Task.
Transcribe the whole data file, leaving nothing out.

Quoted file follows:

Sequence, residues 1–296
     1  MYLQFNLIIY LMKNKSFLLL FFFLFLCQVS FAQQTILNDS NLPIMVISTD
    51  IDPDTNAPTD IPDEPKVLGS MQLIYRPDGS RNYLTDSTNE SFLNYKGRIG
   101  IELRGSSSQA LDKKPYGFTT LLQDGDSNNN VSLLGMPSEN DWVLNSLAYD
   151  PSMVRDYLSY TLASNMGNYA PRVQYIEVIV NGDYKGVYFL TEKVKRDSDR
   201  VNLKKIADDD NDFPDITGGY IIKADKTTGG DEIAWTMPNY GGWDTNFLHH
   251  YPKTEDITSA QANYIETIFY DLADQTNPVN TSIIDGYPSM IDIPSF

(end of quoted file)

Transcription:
Sequence, residues 1–296
     1  MYLQFNLIIY LMKNKSFLLL FFFLFLCQVS FAQQTILNDS NLPIMVISTD
    51  IDPDTNAPTD IPDEPKVLGS MQLIYRPDGS RNYLTDSTNE SFLNYKGRIG
   101  IELRGSSSQA LDKKPYGFTT LLQDGDSNNN VSLLGMPSEN DWVLNSLAYD
   151  PSMVRDYLSY TLASNMGNYA PRVQYIEVIV NGDYKGVYFL TEKVKRDSDR
   201  VNLKKIADDD NDFPDITGGY IIKADKTTGG DEIAWTMPNY GGWDTNFLHH
   251  YPKTEDITSA QANYIETIFY DLADQTNPVN TSIIDGYPSM IDIPSF